The LMA is triggered by either loss of throttle input from the receiver for more that 10 seconds or the throttle input being set to a sufficiently negative input (ie. the throttle trim moved as low as possible).
Suggested hardware for the alert is a simple Piezo Transducer the ESC will produce the appropriate AC drive for the transducer. Alternaticly a piezo transducer with inbuilt siren can be used and the ESC produces a simple on/off output. Depending on the volume level that you require the piezo can be driven directly from the PIC, or via a buffer transistor from the unregulated battery voltage.
The LMA siren is driven out of the GP1 pin on the PIC with an active high siren signal.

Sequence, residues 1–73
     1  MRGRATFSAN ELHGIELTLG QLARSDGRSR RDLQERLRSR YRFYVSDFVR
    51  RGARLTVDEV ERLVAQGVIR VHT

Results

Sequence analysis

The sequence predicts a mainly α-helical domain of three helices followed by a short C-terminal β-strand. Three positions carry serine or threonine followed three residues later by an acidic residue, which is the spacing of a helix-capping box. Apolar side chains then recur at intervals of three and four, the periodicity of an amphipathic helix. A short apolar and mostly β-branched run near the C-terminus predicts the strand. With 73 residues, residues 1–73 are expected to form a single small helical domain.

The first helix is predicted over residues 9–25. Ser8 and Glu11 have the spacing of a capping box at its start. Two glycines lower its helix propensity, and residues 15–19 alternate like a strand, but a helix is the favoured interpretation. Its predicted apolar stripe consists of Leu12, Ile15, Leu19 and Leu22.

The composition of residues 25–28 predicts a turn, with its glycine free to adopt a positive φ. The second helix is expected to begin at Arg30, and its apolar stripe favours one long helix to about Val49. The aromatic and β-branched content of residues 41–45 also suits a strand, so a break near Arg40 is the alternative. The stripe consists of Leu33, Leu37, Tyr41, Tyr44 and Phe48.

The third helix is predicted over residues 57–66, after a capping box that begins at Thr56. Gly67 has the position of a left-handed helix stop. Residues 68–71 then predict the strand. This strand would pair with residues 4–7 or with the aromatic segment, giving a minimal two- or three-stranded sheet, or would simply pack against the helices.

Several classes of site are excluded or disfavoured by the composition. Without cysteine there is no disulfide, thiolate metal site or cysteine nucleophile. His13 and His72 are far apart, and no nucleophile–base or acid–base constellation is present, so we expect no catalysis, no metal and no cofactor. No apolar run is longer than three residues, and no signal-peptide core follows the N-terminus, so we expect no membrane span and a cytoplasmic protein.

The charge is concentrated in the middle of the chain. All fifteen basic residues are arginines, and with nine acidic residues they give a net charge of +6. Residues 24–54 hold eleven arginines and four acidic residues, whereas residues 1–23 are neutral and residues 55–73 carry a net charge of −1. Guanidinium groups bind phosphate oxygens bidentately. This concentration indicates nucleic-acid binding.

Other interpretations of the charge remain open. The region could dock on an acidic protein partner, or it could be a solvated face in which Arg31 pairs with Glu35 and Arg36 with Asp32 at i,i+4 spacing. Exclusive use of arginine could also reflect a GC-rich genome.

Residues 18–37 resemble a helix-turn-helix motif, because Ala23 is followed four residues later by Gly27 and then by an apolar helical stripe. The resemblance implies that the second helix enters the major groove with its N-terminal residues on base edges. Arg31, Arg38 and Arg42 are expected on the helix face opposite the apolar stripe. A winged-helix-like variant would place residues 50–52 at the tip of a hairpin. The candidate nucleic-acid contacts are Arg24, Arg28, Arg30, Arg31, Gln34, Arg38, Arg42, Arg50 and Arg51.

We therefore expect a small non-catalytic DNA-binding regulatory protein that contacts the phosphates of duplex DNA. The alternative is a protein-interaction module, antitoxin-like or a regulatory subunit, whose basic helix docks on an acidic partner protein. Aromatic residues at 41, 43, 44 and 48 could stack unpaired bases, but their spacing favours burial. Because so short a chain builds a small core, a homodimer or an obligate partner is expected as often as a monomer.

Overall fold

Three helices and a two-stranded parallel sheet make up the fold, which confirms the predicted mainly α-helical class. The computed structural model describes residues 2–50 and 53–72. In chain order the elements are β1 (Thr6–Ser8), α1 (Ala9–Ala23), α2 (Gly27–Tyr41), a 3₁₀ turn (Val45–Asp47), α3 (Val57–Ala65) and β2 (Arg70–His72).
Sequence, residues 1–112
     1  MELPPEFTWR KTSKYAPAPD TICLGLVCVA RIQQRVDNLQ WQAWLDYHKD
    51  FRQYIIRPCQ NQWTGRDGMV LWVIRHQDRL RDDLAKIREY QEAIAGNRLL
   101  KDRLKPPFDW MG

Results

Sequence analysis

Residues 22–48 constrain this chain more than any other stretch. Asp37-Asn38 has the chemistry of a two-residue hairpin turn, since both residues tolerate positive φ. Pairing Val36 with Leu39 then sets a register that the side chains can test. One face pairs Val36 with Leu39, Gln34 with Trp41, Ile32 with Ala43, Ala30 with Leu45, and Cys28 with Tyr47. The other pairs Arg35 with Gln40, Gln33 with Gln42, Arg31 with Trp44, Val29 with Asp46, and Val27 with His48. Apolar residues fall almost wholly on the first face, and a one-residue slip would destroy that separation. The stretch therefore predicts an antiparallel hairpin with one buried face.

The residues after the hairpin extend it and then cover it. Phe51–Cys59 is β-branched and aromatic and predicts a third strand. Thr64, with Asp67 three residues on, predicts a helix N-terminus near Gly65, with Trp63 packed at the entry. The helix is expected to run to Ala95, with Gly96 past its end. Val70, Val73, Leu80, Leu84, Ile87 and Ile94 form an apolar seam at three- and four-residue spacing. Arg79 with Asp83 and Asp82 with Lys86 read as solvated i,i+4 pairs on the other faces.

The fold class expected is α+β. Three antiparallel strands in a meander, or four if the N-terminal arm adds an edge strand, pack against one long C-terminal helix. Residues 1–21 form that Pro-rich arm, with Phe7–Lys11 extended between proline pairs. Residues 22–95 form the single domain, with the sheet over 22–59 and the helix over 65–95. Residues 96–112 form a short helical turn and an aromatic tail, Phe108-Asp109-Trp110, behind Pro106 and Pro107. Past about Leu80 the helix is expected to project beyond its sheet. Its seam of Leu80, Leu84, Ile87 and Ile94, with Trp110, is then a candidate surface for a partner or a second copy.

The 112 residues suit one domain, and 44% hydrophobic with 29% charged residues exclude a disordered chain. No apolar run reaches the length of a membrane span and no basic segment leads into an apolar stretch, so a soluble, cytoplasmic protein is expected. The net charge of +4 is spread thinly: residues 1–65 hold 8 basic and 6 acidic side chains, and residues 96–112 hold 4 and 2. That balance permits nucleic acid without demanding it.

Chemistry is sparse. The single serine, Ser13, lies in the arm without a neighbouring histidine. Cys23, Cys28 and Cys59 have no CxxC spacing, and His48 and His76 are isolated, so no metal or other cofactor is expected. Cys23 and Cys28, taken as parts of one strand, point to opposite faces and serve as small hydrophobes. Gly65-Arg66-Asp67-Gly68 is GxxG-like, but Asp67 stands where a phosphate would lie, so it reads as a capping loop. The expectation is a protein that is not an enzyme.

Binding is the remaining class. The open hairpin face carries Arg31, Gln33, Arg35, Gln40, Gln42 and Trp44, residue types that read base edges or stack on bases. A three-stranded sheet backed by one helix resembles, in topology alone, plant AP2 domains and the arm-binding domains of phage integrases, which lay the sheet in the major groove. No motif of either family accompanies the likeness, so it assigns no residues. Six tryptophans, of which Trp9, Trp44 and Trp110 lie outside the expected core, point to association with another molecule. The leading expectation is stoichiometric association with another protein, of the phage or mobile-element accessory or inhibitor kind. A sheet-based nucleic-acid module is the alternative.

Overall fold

The glitch counter can be selected as long as there are no other options using the GP3 input (jumper W1) to the PIC.
The glitch counter counts the number of faulty receiver pulses and ‘beeps’ the count out on either the motor, or piezo sizen if the LMA facility is configured.
- If there have been no glitches a single long beep will sound.
- If there have been more than 99 glitches two long beeps will sound.
- For between 1 and 9 glitches than number of short beeps will sound. For example, 4 glitches will sound four short beeps.
- For between 10 and 99 glitches the LMA will beep out the tens and then the units with a pause between them. A unit of zero is indicated by a long beep. For example, 13 glitches would be 1 short beep, a pause, and then 3 short beeps; 10 glitches would be 1 short beep, a pause, and then 1 long beep.
The reverse output is available when there is a spare output pin on the PIC. This reverse implementation is a simple reverse function that is designed primarily for cars (or boats). As such the reverse facility should only be enabled with the the car throttle map (THROTTLEMAP = 3).